17 May 2021 – The German sporting goods giant Puma agrees to ban mutilation of lambs in the near future. Alongside the brands Calvin Klein and Marks & Spencer, it is the latest and third success in a row for the global animal welfare organisation FOUR PAWS in the fight against mulesing of lambs. With this, the professional football outfitter overhauls its competitors Nike and Adidas, both of which have yet to commit to ban this cruel practice from their wool products. FOUR PAWS has so far been able to convince a total of eight major fashion brands to exclusively source certified wool. By 2025 at the latest, these brands will end the use of so-called mulesing wool. When mulesed, large stripes of skin are cut off the hindquarters of weeks-old Merino lambs using sharp shears and usually without anaesthesia. This is done to reduce the risk of fly infestation, however, pain-free alternatives to mulesing are available.
"We are very pleased that Calvin Klein, Marks & Spencer and now also Puma have decided, with our support, to ban this cruel and long outdated method in the next years. This is a clear demand signal to wool producers and a real step towards a mulesing-free future. We hope that many more brands will follow suit and spare millions of lambs from this unnecessary mutilation."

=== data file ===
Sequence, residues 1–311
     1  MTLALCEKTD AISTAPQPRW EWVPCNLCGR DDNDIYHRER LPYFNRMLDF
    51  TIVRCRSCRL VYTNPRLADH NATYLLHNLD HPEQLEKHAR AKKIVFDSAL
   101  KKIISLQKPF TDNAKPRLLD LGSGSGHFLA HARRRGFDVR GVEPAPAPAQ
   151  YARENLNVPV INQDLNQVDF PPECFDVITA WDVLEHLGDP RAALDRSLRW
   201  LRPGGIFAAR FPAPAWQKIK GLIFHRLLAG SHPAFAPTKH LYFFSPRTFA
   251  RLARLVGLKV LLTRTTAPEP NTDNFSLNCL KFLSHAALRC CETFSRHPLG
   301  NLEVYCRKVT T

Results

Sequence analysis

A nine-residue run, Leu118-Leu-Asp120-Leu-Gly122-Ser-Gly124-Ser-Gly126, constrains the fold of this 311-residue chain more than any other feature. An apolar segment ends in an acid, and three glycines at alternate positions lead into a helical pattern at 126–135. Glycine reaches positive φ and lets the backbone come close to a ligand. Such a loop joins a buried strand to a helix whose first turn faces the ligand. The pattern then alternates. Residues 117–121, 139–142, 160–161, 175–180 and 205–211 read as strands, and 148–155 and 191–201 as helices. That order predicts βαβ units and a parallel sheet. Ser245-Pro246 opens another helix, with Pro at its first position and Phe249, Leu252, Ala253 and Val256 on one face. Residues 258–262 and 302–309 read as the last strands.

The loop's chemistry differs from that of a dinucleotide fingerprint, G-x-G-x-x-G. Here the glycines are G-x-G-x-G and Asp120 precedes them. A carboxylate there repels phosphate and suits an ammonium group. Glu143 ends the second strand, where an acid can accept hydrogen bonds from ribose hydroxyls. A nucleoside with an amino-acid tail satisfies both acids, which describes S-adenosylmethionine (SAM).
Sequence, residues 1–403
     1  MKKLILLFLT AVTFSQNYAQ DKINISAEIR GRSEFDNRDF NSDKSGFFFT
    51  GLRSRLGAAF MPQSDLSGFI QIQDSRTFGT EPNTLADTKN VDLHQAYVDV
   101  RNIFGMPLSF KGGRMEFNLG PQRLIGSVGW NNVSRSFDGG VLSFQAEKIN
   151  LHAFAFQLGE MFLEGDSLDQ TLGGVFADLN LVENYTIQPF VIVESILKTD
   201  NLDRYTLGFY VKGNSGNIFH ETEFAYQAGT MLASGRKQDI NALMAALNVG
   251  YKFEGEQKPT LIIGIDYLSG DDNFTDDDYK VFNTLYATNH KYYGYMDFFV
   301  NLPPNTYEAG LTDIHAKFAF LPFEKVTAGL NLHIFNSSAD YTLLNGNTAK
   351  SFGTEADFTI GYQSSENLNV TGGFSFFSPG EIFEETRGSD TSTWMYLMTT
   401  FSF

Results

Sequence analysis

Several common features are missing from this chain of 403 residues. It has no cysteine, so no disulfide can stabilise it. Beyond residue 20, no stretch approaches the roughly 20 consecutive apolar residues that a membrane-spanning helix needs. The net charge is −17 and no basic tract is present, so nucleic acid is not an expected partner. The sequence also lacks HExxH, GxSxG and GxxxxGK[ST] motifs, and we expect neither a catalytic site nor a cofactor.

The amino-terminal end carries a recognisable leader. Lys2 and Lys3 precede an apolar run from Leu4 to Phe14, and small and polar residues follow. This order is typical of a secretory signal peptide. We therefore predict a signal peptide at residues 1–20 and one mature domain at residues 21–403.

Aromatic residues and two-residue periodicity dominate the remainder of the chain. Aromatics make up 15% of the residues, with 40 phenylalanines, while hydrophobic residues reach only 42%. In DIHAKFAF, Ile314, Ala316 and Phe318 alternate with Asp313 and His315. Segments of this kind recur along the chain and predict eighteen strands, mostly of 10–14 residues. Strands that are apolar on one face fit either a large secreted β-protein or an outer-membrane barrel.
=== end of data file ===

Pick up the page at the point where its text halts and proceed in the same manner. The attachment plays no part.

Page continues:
Says Rebecca Picallo Gil, FOUR PAWS Wool Campaigner.
A certificate for animal welfare
Merino wool is used in a wide variety of garments, is not seasonal and is popular. More than 75 percent of wool exports and as much as 90 percent of the fine merino wool used in the global fashion industry comes from Australia - the only country in the world where mulesing is still practiced. There are alternatives to mulesing, such as switching to sheep breeds that are less susceptible to flystrike. There are also certificates that verify the exclusion of this cruel practice. The RWS is the most robust wool standard on the market today, focused on the exclusion of mulesed wool, improved sheep welfare and full supply chain traceability. Without standards like the RWS, fashion brands cannot be sure of the conditions the sheep whose wool they source live under and whether mulesing-free wool has been mixed with mulesing wool along the supply chain.